Jeremiah McCarty, for earth, * 70 00 

Calvin Horton, boring for water, 22 75 

Braman, Dow & Co., fitting foun- 
tain, etc., 12 17 

Somerville Water Works account, 

for water gate, labor, etc., 193 57 

Chelmsford Foundry Co., for set- 
tees, etc., 

Doe & Hunnewell, for lumber, 

R. A. Melvin, for seats, 

H. M. Bird, for lamp posts, 

Charlestown Gas Co., lampposts. 

Tufts Bros., for lanterns, 

D. Gould, for burners, 

J. H. Hollis, for painting posts, 

D. Brooks & Co., for iron posts, 
etc., 

T. W. Littlefield, for water pots, 
J. Leland, for repairing roller, 

E. Bradbury, for printing, 
• Journal Newspaper Co., advertis- 
ing, 

Daily Advertiser, advertising, 
Mark Leighton, carpenter work, 
P. Harrington, sharpening tools, 
C. E. Edlefsen & Co., for broom, 
Thomas O'Conner, for estate 

taken, 
Edward A. Foster, for estate taken, 
Middlesex Registry, for recording 

deeds, 

Amounts carried forward, $22,045 18 $437,305 05 



75 


60 


16 


89 


55 


00 


171 


00 


90 


00 


122 


00 


75 


00 


6 


80 


8 


00 


9 


10 


3 


50 


5 


00 


2 


50 


2 


00 


23 


80 


3 


10 




87 


1,700 


00 


1,000 


00 


1 


90 



74 

Amounts brought forward, $22,045 18 $437,305 05 

Piiid Taxes account, taxes on land 

taken, 120 45 

Sidewalk Assessment account, 

sidewalk on Broadway, 222 12 

Highway Betterment Assessment 
account, assessment on Win- 
throp Ave., 3,070 00 

on Chauncey Ave., 3,267 50 

28,725 25 

The cost of the Park to 
Dec. 31, 1875, 
as by the report 
for that year was, $185,002 63 
Expended as above, 28,725 25 



Total, 


213,787 88 






Less credit as in 








Table D, 


1,392 21 






Cost of Park, 


212,395 67 




Public Park Maintenance. 




Paid L. B. Angier, labor, 




392 


50 


M W. Murphy, labor. 




392 


50 


George Gerrior, ** 




128 


24 


Michael Hicks, " 




58 


87 


Eichard Falvey, *' 




13 


50 


D. E. Lovering, resetting posts, 


44 


87 


John P. Prichard, manure, loam. 






etc., 




498 


50 


for granite roller, 




25 


00 


*' labor, 




48 


00 


"• earth, etc.. 




55 


30 


M. W. Murphy, for garden roller. 






etc., 




7 


20 



Amounts carried forward, $1,664 48 $466,030 30 



27 


13 


19 


80 


19 


80 


86 


68 


43 


00 


4 


00 


13 


68 


25 


00 


30 


00 


17 


50 



75 

Amounts bronght forward, $1,664 48 $466,030 30 

Paid Miscellaneous account, cost of 

summer and tool houses, 956 00 

Parker & Gannett, grass seed, 
tools, etc., 

Parker & Gannett, for lawn mower, 

J. T, Glines, for mowing machine, 

H. M. Hutchins & Co., for paint- 
ing summer and tool houses, 

T. Murphy, for shrubs, etc., 

Bishop & Bro., for ladder, 

L. G. Burnham & Co., for fuel, 

T. W. Littlefield, for oil tank, 

J. H. Clough, for plans and spe- 
cifications, 

D. K. Whiten, for tool handles,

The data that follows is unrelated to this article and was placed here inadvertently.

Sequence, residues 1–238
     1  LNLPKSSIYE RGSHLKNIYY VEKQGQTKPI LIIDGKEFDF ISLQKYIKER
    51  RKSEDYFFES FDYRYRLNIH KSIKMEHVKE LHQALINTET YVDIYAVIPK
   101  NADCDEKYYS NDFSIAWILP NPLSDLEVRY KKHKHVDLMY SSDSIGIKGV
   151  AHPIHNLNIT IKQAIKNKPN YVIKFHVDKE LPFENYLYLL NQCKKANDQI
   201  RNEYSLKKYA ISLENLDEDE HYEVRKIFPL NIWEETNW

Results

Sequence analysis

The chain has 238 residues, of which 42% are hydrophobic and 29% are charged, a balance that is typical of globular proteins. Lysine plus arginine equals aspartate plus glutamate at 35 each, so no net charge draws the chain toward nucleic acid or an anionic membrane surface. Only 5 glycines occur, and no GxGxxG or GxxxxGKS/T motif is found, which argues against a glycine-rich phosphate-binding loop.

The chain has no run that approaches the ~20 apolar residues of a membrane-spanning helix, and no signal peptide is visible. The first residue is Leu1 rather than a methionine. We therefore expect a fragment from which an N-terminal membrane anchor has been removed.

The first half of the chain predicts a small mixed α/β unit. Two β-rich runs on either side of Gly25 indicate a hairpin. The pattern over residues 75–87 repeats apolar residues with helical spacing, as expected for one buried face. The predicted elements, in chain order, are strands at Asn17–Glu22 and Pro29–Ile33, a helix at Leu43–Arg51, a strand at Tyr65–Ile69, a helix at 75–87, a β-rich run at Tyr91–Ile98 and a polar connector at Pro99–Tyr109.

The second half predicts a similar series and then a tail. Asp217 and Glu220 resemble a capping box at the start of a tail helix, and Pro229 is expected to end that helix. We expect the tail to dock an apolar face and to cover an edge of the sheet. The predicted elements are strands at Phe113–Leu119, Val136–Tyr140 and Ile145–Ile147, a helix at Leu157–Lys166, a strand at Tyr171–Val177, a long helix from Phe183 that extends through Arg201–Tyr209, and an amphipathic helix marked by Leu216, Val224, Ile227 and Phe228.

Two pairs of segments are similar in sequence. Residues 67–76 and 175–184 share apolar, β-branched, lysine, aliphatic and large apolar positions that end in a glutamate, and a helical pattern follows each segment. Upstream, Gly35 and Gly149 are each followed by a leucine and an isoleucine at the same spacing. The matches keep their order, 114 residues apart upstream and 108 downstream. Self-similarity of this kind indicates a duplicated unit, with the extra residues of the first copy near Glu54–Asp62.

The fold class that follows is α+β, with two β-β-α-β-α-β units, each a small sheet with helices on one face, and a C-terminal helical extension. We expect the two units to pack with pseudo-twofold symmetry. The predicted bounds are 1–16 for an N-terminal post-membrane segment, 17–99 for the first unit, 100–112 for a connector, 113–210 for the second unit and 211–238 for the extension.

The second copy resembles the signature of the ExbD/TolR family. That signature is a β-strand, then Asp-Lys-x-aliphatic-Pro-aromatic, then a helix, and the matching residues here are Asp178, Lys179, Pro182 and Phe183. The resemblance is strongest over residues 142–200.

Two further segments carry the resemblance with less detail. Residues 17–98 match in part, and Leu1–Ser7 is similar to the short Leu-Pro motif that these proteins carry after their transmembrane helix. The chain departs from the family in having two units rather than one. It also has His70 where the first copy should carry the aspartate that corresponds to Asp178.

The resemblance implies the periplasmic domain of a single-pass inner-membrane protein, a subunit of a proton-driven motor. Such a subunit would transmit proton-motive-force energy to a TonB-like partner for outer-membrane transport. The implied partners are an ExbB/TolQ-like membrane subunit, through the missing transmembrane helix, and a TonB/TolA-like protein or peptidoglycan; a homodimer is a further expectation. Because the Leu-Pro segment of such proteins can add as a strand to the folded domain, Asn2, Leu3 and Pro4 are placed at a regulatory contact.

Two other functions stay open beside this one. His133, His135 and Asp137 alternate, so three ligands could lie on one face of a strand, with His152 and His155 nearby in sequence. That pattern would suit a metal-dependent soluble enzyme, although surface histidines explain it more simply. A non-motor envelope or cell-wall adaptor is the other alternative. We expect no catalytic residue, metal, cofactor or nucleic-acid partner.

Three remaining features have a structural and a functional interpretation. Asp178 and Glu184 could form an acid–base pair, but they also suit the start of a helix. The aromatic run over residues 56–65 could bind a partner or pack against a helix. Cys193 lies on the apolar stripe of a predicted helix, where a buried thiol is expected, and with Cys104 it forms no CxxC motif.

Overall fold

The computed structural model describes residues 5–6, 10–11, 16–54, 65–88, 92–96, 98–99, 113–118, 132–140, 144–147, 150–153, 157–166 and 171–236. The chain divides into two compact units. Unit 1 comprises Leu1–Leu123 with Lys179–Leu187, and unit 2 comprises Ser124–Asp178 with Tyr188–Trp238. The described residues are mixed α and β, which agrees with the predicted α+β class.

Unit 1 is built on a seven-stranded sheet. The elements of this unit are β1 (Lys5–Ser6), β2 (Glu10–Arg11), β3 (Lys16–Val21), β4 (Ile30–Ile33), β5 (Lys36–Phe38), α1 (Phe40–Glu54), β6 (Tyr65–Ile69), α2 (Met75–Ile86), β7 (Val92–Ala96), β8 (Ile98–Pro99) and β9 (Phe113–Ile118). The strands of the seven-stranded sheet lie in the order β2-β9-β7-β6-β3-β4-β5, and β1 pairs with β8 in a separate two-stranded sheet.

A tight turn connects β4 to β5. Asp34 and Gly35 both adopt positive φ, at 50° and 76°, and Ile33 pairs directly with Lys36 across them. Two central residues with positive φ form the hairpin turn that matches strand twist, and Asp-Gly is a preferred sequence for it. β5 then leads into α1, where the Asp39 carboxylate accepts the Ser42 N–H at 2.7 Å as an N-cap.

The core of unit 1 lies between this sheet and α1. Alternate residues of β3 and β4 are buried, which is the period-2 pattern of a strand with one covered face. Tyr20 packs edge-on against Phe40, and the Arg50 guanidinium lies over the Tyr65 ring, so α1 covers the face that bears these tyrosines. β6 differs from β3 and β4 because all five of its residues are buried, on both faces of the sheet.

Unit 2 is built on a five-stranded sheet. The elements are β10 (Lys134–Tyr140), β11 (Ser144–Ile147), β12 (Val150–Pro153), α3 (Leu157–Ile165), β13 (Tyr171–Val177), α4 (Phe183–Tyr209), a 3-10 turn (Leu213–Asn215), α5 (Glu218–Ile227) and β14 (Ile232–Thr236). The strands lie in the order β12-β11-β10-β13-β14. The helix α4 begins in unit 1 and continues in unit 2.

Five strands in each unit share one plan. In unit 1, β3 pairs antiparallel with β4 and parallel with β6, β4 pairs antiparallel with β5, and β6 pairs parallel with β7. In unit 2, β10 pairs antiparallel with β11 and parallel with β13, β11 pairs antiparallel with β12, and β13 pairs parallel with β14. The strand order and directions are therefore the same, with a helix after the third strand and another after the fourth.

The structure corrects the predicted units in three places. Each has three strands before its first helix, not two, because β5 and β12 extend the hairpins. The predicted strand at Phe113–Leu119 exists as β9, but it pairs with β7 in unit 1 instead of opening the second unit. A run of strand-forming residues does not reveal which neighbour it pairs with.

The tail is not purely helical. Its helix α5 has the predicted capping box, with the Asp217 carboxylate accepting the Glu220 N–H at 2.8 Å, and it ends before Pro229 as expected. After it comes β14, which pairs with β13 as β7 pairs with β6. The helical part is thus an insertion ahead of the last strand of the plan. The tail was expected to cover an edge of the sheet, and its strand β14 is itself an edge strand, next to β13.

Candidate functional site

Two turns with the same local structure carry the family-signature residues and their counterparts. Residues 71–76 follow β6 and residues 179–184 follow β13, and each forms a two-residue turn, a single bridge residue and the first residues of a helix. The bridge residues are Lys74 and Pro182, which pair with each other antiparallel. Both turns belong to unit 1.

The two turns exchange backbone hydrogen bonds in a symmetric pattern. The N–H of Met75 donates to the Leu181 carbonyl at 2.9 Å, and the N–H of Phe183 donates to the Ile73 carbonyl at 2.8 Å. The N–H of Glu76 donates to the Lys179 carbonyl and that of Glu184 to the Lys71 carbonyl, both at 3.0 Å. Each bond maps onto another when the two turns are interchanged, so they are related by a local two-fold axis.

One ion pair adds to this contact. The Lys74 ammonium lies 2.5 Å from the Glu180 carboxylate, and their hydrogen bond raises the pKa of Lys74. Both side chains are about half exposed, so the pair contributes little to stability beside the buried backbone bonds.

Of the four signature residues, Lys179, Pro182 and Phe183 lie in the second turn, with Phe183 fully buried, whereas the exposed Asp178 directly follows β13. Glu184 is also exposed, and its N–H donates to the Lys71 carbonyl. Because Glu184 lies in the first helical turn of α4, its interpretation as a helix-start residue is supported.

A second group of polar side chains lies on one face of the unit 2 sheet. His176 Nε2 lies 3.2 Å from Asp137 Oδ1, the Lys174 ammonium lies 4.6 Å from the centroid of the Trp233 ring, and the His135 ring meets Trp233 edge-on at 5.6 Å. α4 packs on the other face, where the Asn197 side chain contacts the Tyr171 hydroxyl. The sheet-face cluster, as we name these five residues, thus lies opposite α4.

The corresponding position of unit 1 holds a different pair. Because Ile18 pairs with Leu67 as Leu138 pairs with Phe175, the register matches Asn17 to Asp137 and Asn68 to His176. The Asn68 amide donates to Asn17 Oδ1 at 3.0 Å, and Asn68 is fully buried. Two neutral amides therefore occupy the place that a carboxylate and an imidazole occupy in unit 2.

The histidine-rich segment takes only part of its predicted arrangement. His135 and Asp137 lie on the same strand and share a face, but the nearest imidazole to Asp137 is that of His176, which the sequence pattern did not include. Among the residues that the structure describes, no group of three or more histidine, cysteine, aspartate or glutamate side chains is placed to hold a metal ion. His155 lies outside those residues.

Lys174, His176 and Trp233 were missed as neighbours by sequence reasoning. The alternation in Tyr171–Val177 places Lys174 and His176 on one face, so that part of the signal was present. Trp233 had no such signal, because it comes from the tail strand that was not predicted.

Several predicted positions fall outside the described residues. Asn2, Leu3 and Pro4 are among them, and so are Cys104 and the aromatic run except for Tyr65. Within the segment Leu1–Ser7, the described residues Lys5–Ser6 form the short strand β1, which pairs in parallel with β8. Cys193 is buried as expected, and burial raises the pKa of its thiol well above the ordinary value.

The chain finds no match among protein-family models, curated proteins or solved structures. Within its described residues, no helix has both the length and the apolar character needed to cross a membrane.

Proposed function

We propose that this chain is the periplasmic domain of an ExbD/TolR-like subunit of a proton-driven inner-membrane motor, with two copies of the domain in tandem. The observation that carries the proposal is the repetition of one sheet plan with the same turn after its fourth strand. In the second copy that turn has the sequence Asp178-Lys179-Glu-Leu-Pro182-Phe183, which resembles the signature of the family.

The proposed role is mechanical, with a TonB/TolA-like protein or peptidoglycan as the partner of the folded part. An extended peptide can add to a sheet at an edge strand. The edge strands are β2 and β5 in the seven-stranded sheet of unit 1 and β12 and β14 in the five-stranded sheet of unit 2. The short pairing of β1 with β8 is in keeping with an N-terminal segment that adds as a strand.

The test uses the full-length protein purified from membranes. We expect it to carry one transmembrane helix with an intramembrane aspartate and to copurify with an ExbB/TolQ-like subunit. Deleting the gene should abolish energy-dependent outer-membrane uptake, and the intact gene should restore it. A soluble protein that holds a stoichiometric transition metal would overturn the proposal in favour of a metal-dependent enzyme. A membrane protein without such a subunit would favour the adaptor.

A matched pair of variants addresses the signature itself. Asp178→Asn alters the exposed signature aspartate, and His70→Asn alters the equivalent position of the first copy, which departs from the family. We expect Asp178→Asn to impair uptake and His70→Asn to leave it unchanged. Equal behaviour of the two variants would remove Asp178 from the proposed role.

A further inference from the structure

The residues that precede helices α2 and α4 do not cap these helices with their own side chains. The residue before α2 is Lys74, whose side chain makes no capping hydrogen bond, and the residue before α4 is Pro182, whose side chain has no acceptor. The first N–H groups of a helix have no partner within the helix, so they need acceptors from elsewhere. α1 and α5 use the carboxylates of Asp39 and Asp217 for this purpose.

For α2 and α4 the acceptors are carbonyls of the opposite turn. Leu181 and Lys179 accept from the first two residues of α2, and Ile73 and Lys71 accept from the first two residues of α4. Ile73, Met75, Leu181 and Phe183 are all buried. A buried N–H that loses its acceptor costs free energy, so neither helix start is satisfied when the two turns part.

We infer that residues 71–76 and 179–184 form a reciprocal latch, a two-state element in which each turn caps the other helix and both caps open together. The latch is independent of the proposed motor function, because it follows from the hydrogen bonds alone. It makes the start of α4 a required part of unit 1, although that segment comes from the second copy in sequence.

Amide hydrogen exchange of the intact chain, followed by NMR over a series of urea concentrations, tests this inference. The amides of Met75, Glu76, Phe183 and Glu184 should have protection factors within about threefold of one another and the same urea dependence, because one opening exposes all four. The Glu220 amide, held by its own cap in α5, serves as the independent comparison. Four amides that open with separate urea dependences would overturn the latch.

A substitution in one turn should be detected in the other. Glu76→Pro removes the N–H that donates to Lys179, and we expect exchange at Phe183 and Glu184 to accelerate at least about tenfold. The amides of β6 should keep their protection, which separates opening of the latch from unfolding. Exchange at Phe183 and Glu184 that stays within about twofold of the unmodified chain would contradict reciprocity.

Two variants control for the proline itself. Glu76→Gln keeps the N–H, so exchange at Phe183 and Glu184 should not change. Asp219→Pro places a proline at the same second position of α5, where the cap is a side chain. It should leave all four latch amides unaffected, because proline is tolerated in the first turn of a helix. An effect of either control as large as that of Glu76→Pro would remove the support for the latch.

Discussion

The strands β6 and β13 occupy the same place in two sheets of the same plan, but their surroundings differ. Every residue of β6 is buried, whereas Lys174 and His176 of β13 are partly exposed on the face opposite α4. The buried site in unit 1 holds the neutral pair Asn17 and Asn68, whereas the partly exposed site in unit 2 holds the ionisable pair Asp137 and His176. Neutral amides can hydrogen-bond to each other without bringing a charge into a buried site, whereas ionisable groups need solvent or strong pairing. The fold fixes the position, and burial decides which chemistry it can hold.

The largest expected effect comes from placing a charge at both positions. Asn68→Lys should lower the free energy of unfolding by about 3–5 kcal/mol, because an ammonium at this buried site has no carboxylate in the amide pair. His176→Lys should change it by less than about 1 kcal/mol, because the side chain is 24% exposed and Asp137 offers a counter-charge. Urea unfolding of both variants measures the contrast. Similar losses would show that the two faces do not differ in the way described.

Gallishaw & Kennealy, for hand- 
cart, wheelbarrow and repair- 
ing tools, 

M. W. Murphy, for couplings, etc., 

R. A. Melvin, for settees, 

C. E. Edlefsen & Co., for tools, 
etc., 

Williams & Ashley, for naphtha, 

J. D. Gould, 

Perham & Rollins, expressing, 

Chelmsford Foundry Co., repair- 
ing settees, 6 00 

Wadsworth Bros. & Rowland, for 

alcohol, 2 83 

Doe & Hunnewell, sawing and 
planing lumber, 

G O. Burnham, for straw, 

Sundr}' persons, for matches, alco- 
hol, haixlware, and drain-pipe, 

Amount carried forward , 



So 


45 


5 


45 


70 


00 


15 


26 


9 


00 


6 


90 


5 


45 



3 00 




3 31 




2 52 






3,222 24 






$469,252 54 



76 



Amount brought forward^ 
Salaries. 
Paid Austin Bt'lknap, mayor, 

Charles ¥j. Oilman, city clerk, 
Aaron Sargent, treasurer, 
Geo. A. Kimball, city engineer, 
S. C. Darling, city solicitor, 
Donglas Frazar, auditor, 
A. H. Carvill, city physician, 
Geo. I. Vincent, clerk to assess- 
ors, 
Jairus Mann, city messenger, 
Solomon Davis, clerk of common 

council, 
Thomas Cunningham, assessor, 
John C. Tenney, " 

F. G. Williams, " 

Geo. Smith, assistant assessor, 
A. J. Taylor, " 

Amiel Colman, " 

Silas H. Holland, " 
E. M. Blaisdell, assistant to city 

clerk, 
S. A. Miles, assistant to treasurer. 
Engineer's assistants, 

School Contingent. 

Paid Joshua H. Davis, salar}^ as super- 
intendent of schools, 

E. A. Smith, truant oflScer, 

Janitors, 

Cit}^ of Boston, water rates, 

Thomas Groom & Co., for pens, 
pencils, etc., 

George B. King, for printing, 

Amounts carried forivardy 



$469,252 54 \ 



$1,000 00 

2,000 00 

2,700 00 

2,100 00 

1,800 00 

250 00 

700 00 

1,200 00 
1,300 00 

350 00 

700 00 

700 00 

700 00 

200 00 

200 00 

200 00 

200 00 

500 00 

500 00 

1,549 54 



18,849 54 



2,500 


00 


1,000 


00 


3,275 


41 


351 


42 


206 


25 


154 


96 



$7,488 04 $488,102 08 



77 

Amounts brovght forward, 
Paid J. E. Farwell & Co., for printing, 

for printing reports, 
J. L. Hammett, for books, etc.,